Long after the World Cup is over, here is something about it. But you should read it, because it’s excellent: an American sports writer goes to India as a complete cricketing ingenue and tries to learn about the game, India and the two’s relationship in the midst of the madness of the tournament. It’s really great to see how he’s patient with the game and his own understanding of it, how he engages with ordinary people, plays with them, hears their stories of how cricket and India have changed over the years (especially the comparison between three generations of batsmen in Gavaskar, Tendulkar and Sehwag, exemplifying the transition from subtlety, patience and deflection to an aggressive form of classical strokeplay, to all-out power hitting), and comes to be completely absorbed by it. There’s a beautiful extended climax in which he watches the India-England group match alongside English comic and cricket fan Andy Zaltzman. Tendulkar scored a century in that match, and the great thing is that after several weeks in India the writer knows enough to appreciate what a special occasion it is to see a Tendulkar hundred in front of his own fans.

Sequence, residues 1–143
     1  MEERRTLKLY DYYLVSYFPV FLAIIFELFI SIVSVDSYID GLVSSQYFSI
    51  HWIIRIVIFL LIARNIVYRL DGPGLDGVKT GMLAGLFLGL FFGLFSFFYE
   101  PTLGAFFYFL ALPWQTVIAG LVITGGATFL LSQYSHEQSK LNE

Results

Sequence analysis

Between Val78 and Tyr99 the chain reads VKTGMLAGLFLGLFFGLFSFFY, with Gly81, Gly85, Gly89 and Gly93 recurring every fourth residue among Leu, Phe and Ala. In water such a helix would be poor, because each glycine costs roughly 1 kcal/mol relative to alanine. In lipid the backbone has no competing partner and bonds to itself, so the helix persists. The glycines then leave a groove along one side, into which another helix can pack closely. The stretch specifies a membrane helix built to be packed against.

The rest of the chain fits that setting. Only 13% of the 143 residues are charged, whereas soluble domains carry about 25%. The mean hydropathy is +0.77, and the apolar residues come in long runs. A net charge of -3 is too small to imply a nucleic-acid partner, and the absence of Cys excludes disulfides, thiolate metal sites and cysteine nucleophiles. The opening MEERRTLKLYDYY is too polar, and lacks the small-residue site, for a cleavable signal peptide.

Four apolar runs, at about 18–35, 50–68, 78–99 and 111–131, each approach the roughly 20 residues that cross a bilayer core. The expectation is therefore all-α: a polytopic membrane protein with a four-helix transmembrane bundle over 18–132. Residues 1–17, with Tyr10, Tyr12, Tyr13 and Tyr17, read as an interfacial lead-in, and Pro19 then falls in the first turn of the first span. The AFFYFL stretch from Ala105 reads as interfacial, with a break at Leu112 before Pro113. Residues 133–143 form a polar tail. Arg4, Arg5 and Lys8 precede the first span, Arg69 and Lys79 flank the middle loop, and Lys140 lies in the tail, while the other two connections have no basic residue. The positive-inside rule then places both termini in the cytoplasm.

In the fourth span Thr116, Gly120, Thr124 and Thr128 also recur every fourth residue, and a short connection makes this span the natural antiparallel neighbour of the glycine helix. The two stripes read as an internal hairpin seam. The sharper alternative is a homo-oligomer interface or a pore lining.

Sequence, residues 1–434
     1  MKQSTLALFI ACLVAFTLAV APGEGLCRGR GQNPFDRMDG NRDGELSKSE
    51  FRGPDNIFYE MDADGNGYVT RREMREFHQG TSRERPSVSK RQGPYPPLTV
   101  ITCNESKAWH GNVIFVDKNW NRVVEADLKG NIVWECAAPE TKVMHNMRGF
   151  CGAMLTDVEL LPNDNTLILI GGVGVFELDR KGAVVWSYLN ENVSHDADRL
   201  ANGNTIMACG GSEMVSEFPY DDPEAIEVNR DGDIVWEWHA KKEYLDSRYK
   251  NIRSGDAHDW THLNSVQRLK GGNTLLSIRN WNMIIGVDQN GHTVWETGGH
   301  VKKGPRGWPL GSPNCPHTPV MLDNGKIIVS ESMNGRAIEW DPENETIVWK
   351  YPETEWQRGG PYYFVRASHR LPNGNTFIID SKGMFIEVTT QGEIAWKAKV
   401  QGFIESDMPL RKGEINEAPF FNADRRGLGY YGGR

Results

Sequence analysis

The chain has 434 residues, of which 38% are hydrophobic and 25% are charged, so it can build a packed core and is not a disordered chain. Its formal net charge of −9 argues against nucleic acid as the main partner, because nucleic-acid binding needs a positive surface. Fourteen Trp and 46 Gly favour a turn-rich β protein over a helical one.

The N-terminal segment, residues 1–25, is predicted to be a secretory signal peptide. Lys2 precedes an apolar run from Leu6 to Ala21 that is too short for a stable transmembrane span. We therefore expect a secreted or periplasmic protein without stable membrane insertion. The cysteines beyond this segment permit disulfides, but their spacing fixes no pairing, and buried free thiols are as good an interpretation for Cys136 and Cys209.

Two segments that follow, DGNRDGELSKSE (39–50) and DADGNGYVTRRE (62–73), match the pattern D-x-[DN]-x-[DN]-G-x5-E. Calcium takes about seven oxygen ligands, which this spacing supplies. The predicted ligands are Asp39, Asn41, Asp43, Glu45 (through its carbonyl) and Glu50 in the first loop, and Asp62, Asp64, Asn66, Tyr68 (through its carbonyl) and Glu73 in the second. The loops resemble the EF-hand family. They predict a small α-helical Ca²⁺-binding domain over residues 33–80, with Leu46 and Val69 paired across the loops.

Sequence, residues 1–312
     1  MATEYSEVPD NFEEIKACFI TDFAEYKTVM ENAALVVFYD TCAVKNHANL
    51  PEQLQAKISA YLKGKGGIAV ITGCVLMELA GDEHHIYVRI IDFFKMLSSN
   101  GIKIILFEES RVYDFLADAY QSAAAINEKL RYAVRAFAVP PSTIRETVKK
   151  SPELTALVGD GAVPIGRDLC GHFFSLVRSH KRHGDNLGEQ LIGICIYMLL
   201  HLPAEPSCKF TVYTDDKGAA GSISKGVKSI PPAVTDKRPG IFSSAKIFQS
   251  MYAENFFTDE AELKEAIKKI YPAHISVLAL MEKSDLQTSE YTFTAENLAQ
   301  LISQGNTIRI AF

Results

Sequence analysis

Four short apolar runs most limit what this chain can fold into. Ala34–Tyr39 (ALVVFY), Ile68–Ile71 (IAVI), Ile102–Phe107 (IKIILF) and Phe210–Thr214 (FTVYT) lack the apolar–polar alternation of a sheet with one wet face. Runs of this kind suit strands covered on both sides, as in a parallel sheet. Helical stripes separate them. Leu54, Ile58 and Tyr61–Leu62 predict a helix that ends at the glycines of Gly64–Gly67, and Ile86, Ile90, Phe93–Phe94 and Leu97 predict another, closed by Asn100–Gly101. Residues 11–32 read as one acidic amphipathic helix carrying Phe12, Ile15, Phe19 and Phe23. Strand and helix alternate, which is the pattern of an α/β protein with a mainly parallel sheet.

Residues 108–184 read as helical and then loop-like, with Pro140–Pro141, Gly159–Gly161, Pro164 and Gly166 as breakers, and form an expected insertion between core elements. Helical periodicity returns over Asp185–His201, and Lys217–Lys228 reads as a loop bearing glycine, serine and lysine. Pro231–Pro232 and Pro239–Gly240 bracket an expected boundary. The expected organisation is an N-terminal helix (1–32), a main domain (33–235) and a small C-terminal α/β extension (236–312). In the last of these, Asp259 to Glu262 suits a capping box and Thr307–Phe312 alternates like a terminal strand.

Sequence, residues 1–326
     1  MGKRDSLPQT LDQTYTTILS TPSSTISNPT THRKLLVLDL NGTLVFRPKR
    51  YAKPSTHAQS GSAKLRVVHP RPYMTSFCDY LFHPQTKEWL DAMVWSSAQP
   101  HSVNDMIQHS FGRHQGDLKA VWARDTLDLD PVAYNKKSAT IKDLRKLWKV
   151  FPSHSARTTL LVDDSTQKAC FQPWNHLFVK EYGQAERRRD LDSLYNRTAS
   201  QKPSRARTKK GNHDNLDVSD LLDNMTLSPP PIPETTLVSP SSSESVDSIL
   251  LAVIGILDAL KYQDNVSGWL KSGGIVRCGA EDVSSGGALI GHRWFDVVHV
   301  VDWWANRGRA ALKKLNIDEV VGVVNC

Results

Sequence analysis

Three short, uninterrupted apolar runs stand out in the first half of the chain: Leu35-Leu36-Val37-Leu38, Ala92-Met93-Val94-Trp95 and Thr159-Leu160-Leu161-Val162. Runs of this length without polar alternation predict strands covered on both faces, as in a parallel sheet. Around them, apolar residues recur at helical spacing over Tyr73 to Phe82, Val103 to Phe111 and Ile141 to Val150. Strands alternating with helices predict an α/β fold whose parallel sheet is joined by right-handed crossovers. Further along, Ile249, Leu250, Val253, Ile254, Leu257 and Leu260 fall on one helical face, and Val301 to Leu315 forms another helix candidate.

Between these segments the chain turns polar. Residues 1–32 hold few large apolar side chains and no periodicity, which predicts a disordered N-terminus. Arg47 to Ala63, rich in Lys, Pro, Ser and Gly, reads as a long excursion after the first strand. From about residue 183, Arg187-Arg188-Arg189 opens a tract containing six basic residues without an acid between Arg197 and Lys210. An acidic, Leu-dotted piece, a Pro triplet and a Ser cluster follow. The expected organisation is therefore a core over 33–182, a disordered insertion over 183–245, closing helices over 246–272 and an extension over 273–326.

Aside: I saw Andy Zaltzman a few years ago, I think at The Cellar in Oxford, and he was brilliant. Not surprisingly, his best joke was about cricket.

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